I'm trying to solve the following integral:

$$\int_0^\infty \gamma(t,x)^k x^t e^{-x} \mathrm{d} x$$

I'm fighting with it for quiet a while and didn't get any result. Though, I do have the following:

Noting that $x^t e^{-x} = \mathrm{d}\gamma(t+1,x)/\mathrm{d}x$, and using the identity $\gamma(t,x) = \frac{1}{t}(\gamma(t+1,x) + x^t e^{-x})$, the integral can be written as \begin{eqnarray*} \int_0^\infty \gamma(t,x)^k x^t e^{-x} \mathrm{d} x &=& \int_0^\infty \gamma(t,x)^k \mathrm{d} \gamma(t+1,x) \\ &=&\frac{1}{t^k} \int_0^\infty (\gamma(t+1,x) + \mathrm{d} \gamma(t+1,x))^k \mathrm{d} \gamma(t+1,x) \end{eqnarray*}

Second try:

$$\int_0^\infty \gamma(t,x)^k x^t e^{-x} \mathrm{d} x = \int_0^\infty \int_0^x \int_0^x \cdots \int_0^x \prod_{i=1}^k y_i^{t-1} e^{y_i} x^t e^{-x} \mathrm{d} y_1 \mathrm{d} y_2 \cdots \mathrm{d} y_k \mathrm{d} x$$ Now, substitute $\{y_i = x \cdot z_i , \mathrm{d}y_i = x\cdot \mathrm{z_i}\}$, we have: \begin{align} &\int_0^\infty \int_0^1 \int_0^1 \cdots \int_0^1 \left(\prod_{i=1}^k z_i\right)^{t-1} x^{t(k+1)} e ^{-x(\sum_{i=1}^k z_i +1)}\mathrm{d} z_1 \mathrm{d} z_2 \cdots \mathrm{d} z_k \mathrm{d} x &\\ &= \int_0^\infty \int_0^1 \int_0^1 \cdots \int_0^1 \frac{\left(\prod_{i=1}^k z_i\right)^{t-1}}{\left(\sum_{i=1}^k z_i +1\right)^{t(k+1)}} \left[x\left(\sum_{i=1}^k z_i +1\right)\right]^{t(k+1)} e ^{-x(\sum_{i=1}^k z_i +1)} \mathrm{d} z_1 \mathrm{d} z_2 \cdots \mathrm{d} z_k \mathrm{d} x &\\ &= \Gamma(t(k+1)+1) \int_0^1 \int_0^1 \cdots \int_0^1 \frac{\left(\prod_{i=1}^k z_i\right)^{t-1}}{\left(\sum_{i=1}^k z_i +1\right)^{t(k+1)+1}} \mathrm{d} z_1 \mathrm{d} z_2 \cdots \mathrm{d} z_k \end{align}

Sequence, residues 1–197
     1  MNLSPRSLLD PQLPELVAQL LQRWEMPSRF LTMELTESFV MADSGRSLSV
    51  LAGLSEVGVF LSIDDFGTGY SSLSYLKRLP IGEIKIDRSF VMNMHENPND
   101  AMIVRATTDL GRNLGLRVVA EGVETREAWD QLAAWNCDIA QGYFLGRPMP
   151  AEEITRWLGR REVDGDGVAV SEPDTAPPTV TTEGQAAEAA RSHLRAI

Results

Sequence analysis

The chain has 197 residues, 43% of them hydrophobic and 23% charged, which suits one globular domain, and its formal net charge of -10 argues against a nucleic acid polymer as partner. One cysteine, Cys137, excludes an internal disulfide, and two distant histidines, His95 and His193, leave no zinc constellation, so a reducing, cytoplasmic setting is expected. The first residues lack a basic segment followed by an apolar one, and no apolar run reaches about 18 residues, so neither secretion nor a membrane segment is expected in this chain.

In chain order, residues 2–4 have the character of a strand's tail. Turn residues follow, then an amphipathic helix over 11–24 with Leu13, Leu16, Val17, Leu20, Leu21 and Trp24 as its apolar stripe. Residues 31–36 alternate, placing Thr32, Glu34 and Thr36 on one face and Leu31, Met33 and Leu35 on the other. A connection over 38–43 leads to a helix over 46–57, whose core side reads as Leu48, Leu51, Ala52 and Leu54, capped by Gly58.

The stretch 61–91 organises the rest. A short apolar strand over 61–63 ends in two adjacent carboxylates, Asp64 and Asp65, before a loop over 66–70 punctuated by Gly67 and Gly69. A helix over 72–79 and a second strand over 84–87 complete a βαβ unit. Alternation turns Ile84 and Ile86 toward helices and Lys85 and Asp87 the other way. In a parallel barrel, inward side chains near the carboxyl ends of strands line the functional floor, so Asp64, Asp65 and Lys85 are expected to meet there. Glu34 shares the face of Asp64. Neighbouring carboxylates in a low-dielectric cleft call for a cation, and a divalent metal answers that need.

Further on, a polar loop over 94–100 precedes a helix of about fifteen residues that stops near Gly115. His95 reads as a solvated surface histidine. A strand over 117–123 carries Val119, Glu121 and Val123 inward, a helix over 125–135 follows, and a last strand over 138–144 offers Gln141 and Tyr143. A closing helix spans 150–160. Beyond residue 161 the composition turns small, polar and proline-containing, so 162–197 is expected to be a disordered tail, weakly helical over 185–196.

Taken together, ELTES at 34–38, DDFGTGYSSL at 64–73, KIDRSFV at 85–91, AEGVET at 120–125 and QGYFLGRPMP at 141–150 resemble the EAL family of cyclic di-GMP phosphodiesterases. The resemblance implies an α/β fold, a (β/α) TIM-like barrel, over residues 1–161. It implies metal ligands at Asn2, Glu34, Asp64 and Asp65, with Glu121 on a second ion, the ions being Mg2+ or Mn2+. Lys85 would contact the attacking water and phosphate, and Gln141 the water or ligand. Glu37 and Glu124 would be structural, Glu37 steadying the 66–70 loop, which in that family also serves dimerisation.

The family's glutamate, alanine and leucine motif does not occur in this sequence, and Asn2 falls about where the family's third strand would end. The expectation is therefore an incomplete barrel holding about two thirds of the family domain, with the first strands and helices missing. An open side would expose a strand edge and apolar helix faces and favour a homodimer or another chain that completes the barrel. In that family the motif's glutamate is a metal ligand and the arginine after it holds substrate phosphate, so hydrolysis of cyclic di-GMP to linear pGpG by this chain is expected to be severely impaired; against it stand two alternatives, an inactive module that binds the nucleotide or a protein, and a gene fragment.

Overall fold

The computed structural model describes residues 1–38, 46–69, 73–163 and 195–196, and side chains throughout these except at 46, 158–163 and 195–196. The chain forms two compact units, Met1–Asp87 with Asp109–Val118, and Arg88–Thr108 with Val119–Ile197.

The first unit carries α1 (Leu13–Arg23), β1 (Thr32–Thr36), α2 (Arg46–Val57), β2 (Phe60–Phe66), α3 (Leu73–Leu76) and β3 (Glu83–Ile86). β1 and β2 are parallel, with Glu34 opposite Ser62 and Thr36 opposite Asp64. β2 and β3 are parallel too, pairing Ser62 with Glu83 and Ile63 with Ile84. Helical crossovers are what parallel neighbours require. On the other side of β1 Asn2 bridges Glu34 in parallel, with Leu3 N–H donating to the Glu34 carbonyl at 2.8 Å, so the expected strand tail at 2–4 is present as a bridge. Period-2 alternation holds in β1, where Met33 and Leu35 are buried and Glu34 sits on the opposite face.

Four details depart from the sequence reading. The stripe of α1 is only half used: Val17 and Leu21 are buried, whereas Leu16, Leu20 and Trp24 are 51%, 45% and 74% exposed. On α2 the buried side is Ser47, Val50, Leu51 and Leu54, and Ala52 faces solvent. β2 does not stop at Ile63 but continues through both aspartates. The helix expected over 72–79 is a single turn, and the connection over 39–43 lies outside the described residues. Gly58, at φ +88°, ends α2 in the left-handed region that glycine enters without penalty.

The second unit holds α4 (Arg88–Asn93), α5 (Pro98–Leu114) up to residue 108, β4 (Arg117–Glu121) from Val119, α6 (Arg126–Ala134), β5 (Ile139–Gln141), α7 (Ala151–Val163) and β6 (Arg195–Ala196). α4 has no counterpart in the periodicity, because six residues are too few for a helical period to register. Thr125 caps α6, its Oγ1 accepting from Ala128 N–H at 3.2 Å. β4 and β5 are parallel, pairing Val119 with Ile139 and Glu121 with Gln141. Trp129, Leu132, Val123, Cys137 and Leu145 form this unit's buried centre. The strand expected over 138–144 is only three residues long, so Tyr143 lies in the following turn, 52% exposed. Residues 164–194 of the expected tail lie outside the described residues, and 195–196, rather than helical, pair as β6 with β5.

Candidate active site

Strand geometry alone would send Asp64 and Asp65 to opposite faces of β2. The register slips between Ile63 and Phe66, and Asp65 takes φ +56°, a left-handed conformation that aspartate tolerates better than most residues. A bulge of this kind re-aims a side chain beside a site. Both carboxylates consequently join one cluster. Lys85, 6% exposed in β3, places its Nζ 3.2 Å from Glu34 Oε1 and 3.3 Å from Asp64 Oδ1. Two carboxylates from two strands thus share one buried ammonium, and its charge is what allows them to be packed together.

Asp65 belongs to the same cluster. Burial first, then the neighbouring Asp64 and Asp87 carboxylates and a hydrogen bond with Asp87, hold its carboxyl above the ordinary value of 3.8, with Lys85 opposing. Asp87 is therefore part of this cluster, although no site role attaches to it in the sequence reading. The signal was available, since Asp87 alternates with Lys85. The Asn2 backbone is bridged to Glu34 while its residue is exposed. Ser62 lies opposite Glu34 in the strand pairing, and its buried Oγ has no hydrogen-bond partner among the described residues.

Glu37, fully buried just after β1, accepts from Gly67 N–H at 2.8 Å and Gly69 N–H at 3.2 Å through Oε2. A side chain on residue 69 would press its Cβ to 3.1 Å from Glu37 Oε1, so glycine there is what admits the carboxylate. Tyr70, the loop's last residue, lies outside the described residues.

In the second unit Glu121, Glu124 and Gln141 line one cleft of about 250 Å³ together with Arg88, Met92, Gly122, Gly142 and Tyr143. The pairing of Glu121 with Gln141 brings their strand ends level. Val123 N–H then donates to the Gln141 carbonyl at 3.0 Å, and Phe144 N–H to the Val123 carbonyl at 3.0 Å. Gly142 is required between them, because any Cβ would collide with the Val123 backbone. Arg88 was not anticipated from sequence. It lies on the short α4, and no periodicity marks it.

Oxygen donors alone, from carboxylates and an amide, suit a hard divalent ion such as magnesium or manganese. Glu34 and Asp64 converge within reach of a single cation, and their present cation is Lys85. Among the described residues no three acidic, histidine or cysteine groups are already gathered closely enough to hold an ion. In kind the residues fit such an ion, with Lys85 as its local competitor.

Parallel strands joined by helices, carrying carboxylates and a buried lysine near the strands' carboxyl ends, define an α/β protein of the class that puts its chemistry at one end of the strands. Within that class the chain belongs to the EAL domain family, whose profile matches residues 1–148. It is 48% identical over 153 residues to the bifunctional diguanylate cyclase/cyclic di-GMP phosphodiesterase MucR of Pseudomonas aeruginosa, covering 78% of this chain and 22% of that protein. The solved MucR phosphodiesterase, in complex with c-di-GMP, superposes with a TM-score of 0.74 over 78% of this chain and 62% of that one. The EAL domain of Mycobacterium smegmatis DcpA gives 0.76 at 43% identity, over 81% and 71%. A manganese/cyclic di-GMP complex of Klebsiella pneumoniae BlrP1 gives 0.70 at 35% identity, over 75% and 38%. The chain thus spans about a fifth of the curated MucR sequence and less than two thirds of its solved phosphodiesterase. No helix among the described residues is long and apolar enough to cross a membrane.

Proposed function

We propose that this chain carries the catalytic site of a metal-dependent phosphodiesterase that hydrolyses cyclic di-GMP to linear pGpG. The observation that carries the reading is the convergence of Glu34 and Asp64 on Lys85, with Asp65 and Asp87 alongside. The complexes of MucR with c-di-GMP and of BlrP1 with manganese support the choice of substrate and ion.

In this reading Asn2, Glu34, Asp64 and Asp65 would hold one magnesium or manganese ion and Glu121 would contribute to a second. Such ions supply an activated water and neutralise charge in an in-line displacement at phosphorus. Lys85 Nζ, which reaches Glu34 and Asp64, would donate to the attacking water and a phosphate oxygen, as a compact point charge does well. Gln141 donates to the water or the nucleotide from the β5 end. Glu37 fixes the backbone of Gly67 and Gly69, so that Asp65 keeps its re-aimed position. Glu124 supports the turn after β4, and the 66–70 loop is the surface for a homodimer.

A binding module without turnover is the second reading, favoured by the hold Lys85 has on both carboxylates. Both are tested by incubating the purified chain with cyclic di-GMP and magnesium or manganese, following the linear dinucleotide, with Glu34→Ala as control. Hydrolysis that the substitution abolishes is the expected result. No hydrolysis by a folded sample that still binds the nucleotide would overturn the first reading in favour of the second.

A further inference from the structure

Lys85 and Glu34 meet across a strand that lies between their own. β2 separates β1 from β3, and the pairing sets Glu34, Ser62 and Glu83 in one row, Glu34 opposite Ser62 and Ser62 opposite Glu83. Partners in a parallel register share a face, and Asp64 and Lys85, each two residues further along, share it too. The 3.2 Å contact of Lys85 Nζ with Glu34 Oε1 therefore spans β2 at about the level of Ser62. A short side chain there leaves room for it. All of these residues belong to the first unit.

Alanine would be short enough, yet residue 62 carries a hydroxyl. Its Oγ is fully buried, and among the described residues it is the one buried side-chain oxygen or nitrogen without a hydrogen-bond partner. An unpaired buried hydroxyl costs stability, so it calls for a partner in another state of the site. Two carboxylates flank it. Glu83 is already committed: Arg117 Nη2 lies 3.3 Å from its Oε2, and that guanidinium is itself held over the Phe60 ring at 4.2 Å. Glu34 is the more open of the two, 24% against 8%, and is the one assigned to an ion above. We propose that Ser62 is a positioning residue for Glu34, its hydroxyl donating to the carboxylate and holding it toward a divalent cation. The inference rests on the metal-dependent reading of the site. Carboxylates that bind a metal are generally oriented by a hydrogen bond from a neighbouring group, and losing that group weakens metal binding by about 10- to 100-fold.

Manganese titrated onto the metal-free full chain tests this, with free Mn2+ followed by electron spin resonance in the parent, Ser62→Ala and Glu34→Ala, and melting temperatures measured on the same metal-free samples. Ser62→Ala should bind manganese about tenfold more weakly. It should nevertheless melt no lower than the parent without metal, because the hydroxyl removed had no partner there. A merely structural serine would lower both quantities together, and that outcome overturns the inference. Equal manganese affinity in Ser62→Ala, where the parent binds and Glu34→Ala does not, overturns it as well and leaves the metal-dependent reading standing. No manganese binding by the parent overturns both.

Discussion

Note that for a single variable $z_1$, the integral $\int_0^1 \frac{z^{t-1}}{(1+z)^{2t+1}}\mathrm{d} z = 2F1 (t,1+2t,1+t,-1)/t$, that is, the Hypergeometic function.

Is this representation is helpful? Any ideas how to tackle this?

Any suggestions are much appreciated.

  • $\begingroup$ Just to be sure, is your $\gamma(t,x)$ equal to $$\int_{0}^{x} u^{t-1}e^{-u}\,du $$ ? $\endgroup$ – Jack D'Aurizio May 25 '16 at 14:26
  • $\begingroup$ Moreover, do you need a closed form or tight approximations / asymptotics for large values of $k$ are enough? I am asking this since the closed form is a hypergeometric $\phantom{}_2 F_1$ function even for $k=1$. $\endgroup$ – Jack D'Aurizio May 25 '16 at 14:34
  • $\begingroup$ Thank you @JackD'Aurizio . Yes, the lower incomplete gamma is equal to $\int_0^x u^{t-1} e^{-u} \mathrm{d} u$ link. I am looking for a closed form (hypergeometric) series solution. Asymptotically, it can be shown that this is scales like $\log k + (t-1)\log \log k - log(t!)$, as $k \to \infty$. $\endgroup$ – sefi May 25 '16 at 15:07

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